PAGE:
Tanya Huff, |
Toronto private investigator Vicki Nelson returns for her fourth adventure in Blood Pact.
After facing down a demon and a megalomaniac mummy and rescuing a family of werewolves, Vicki Nelson could claim she's seen it all, particularly when she can count a vampire as a close friend and lover. But none of her experiences can possibly prepare her for her mother's sudden death.
Wracked with grief and guilt, Vicki leaves immediately for Kingston. Vampire Henry Fitzroy and his rival for Vicki's affections, Detective Sergeant Michael Celluci, are not far behind, joining in an uneasy alliance for Vicki's sake.
It's hard to imagine things getting worse, but they do. At the funeral, Vicki discovers that her mother's body is missing from the funeral home, and she turns all of her energies to tracking it down. It isn't long before she is drawn into a web of murder and madness as she uncovers hideous scientific experiments at Queens University, where her mother worked and, in fact, died. Unlike her earlier cases, this time it's personal.
Vicki's determination to find her mother's body and the people who took it become all-consuming, forging a tighter bond of necessity between Henry and Celluci, faced with the difficult task of saving Vicki from her own drive. Inevitably, Vicki comes face to face with something even she can't handle, and it is up to Celluci and Henry to make an excruciating decision for her sake.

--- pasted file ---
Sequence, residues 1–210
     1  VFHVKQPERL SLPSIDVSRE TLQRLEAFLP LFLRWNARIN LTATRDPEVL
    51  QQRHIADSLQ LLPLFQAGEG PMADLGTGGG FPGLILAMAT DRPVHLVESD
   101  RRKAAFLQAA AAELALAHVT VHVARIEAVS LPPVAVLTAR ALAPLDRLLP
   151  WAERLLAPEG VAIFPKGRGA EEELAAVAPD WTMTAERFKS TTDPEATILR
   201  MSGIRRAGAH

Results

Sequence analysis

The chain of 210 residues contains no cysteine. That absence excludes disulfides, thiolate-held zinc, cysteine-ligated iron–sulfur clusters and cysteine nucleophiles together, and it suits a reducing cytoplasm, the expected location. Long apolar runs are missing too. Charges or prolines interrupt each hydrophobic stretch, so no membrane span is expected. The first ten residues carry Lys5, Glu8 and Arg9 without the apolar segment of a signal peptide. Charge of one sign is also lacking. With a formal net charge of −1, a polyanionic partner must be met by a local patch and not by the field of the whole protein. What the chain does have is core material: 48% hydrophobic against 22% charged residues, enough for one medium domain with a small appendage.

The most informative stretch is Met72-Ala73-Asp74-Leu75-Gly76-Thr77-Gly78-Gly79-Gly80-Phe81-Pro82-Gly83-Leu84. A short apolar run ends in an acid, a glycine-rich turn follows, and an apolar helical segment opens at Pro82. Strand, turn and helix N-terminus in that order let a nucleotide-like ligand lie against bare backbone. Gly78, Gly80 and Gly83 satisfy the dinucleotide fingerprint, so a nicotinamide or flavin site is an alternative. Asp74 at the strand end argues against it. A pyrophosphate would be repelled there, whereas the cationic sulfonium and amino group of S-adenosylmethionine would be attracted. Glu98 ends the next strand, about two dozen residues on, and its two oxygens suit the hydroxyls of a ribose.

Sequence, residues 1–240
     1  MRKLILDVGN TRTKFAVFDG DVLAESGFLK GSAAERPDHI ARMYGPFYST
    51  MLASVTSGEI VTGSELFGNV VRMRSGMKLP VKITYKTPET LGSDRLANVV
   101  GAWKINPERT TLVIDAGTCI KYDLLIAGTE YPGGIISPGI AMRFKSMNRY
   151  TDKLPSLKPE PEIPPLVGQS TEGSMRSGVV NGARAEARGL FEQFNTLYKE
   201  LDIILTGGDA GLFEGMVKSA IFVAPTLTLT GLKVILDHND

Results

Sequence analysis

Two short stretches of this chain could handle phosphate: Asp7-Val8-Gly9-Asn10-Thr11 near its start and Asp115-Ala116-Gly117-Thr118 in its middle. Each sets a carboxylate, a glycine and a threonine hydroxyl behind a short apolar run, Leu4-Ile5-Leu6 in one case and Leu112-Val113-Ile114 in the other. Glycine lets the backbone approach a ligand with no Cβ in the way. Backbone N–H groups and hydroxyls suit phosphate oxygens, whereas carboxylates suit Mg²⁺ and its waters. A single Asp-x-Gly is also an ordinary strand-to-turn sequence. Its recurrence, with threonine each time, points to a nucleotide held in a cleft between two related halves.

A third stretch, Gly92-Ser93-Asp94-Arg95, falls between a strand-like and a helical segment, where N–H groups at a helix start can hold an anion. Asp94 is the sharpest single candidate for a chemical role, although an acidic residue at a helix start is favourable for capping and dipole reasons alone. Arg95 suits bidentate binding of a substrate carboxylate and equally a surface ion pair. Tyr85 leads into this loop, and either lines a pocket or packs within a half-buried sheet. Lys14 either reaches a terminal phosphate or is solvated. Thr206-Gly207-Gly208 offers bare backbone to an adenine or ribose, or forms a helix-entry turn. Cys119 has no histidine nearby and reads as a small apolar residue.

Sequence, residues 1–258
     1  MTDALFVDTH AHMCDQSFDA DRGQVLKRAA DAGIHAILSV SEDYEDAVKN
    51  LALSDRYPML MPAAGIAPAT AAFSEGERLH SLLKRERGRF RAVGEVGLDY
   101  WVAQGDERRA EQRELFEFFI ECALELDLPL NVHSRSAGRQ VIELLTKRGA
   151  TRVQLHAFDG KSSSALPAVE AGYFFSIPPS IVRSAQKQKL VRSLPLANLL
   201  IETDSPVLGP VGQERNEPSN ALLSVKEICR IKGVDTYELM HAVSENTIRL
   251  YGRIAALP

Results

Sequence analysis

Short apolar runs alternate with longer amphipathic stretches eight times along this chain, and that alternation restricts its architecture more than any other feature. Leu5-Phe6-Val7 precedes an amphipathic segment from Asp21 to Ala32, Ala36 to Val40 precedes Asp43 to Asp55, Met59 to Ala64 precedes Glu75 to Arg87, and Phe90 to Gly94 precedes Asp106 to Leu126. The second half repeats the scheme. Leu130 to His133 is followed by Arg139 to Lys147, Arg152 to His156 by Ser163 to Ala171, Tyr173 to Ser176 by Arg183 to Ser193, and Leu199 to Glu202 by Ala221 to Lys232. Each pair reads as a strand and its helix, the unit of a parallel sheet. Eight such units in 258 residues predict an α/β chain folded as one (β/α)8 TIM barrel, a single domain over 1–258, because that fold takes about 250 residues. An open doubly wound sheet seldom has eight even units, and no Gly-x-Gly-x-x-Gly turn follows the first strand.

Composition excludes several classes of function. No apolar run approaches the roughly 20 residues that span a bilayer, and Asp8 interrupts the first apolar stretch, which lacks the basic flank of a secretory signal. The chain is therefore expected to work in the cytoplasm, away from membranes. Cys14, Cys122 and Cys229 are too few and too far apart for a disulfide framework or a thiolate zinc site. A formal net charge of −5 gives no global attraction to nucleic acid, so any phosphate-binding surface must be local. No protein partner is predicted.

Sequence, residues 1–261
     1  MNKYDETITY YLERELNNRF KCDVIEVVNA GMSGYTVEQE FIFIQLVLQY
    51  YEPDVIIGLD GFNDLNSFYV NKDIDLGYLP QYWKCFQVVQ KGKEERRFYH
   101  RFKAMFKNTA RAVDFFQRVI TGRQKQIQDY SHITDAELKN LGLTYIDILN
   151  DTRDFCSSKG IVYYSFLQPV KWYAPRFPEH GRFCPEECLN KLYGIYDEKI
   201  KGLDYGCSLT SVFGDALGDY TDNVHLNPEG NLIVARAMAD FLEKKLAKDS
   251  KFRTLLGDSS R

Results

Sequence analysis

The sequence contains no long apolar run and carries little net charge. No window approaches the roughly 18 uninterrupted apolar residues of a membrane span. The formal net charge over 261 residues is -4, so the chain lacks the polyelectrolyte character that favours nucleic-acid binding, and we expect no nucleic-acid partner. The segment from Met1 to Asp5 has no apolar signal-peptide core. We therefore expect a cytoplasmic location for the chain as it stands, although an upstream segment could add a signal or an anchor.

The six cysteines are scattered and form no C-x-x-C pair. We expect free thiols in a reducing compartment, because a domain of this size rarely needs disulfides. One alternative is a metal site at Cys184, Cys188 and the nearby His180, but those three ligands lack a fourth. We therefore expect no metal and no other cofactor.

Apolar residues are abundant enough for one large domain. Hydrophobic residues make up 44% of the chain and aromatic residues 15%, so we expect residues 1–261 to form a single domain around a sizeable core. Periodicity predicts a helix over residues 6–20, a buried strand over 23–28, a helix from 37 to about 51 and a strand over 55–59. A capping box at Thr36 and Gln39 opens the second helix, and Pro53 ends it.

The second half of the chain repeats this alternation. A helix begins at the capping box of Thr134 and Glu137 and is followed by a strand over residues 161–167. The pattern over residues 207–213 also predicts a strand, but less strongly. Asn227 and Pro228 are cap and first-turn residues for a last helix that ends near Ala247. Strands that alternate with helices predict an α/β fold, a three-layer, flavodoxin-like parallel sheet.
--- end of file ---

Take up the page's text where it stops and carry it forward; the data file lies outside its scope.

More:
New levels of Vicki's character emerge as the bond between mother and daughter are explored. While Vicki has always been slightly flippant about and impatient with her mother's persistent meddling in her life, she has also felt a nearly lifelong responsibility for her mother. Helpless in the face of death -- and worse -- she has to confront a complicated tangle of emotions which also leave her vulnerable. Celluci and Henry also experience growth in their characters when they put their personal agendas aside for Vicki.
The villains in this case are human, which perhaps makes them the most horrifying creatures Vicki has ever faced. Grad student Donald Li is likable in spite of his role in the "research," but at times both the single-minded student Catherine and the administratively gifted Dr. Burke go a little over the top in their respective "mad scientist" roles. The pace of the plot makes up for any flaws in characterization, however, and Huff keeps things moving in toward a conclusion that anyone who has read the series thus far realizes is inevitable, if only in retrospect.
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